In Ordinary Monsters, author J.M. Miro introduces readers to the Talents, a fragmented Victorian community of young people with supernatural gifts. This global adventure traverses 19th-century America, England, Scotland and Japan before eventually landing at the Cairndale Institute outside of Edinburgh, where the Talents are learning to control and hone their powers. These lessons become crucial once they hear that the drughr, a creature from the netherworld that absorbs other beings’ power, is on the loose—and headed right toward them.
The first in a planned trilogy, Ordinary Monsters plays off the well-loved and well-worn tropes of chosen ones and magical institutions for children, but Miro (the pen name of a literary novelist) freshens things up with a large, sweeping scope and a likable, diverse cast of characters. Charlie Ovid is a 16-year-old Black boy whose body heals itself no matter the severity of the wound. For Charlie, the Cairndale Institute provides an escape from the post-Civil War American South. Marlowe, an 8-year-old boy who glows blue, travels from the streets of London to a Midwestern sideshow troupe before ending up at Cairndale. These powerful children are unsurprisingly poignant, but their allies and guardians are the ones who really seize the reader’s emotions. Standouts include the duo who shepherd Charlie to Cairndale: Alice Quicke, a wily and resourceful detective, and Frank Coulton, her gruff partner (who’s secretly a total teddy bear). Another is Marlowe’s guardian, Brynt, a tattooed carnival wrestler whose stature is only dwarfed by her kindness.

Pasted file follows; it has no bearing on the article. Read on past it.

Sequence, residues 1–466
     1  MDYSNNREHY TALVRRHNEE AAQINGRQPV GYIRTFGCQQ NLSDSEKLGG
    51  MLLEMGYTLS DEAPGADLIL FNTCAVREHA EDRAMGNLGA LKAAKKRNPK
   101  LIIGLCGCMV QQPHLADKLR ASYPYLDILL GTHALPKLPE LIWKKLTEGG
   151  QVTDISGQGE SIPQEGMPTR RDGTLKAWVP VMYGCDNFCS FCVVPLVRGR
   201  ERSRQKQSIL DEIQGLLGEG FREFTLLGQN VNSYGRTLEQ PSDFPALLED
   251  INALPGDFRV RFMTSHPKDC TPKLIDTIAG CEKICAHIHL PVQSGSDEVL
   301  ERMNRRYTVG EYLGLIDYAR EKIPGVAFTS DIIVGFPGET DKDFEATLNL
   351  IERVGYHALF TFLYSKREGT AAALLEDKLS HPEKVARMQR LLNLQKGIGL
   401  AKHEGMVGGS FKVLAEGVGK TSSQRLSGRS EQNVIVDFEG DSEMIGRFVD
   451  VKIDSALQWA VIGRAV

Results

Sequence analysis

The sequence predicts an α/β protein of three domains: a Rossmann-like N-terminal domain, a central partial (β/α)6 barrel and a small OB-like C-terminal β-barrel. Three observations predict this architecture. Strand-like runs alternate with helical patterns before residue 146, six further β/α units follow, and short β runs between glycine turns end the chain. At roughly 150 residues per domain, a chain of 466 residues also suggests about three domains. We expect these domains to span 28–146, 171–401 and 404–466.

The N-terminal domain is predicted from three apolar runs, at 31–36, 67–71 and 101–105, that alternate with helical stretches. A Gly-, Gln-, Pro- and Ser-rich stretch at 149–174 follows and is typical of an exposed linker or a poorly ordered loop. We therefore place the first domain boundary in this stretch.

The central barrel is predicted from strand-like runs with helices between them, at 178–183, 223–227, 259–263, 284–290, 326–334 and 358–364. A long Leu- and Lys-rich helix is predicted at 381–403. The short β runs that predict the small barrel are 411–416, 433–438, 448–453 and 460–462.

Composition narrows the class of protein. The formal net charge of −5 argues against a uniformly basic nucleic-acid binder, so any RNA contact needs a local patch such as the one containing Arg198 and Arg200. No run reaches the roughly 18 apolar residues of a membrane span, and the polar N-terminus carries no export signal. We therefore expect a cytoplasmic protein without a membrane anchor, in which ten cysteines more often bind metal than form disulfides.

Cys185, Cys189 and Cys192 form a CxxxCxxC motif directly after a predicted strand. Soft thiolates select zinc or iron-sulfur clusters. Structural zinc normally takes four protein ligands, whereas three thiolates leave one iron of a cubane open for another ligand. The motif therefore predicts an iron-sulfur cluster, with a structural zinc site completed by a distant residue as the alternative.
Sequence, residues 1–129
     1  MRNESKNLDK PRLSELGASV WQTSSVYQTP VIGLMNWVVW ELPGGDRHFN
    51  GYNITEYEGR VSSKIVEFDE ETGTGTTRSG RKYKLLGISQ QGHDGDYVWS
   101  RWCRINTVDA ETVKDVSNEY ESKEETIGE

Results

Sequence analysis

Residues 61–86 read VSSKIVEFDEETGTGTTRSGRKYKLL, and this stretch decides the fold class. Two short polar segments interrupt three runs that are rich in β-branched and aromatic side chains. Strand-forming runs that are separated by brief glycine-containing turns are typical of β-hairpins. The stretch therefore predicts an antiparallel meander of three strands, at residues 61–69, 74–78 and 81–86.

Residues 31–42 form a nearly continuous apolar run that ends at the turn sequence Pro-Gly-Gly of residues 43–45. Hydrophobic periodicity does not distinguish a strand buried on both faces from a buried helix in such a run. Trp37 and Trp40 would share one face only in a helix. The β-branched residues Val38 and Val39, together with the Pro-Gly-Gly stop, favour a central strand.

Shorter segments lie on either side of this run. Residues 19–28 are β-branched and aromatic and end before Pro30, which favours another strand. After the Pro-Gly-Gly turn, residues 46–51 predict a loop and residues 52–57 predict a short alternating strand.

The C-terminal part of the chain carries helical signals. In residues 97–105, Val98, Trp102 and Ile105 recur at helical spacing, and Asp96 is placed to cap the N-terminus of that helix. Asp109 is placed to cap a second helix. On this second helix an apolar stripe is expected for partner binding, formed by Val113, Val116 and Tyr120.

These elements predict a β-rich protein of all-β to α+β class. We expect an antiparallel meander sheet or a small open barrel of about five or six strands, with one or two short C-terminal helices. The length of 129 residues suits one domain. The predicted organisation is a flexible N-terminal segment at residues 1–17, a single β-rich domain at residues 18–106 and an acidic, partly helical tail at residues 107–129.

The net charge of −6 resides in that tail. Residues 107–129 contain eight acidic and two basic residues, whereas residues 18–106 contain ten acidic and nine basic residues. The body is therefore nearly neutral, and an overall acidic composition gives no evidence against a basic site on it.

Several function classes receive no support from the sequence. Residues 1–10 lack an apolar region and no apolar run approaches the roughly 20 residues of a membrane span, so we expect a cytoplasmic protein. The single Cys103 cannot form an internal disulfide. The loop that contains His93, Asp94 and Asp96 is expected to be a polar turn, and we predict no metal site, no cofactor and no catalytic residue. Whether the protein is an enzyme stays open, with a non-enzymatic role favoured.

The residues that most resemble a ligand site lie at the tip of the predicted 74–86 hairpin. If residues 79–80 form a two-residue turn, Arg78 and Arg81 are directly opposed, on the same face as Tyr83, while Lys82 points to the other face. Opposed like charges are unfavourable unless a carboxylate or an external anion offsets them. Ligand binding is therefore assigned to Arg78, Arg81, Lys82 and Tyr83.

As the children try to unravel the secrets of the Institute and the intentions of its head, Dr. Baghurst, the high stakes never falter, the body horror is deliciously and macabrely wrought, and the mysteries and surprises never stop coming. Miro intersperses crucial flashbacks to characters’ backstories during intense moments, creating a gleeful and maddening ride between the past and the present as each character’s arc is explored in full detail.
Miro cleverly adapts beloved fantasy tropes and swirls them into Ordinary Monsters, a book about life and death, magic and monstrosities, with plenty of mysteries for readers to solve.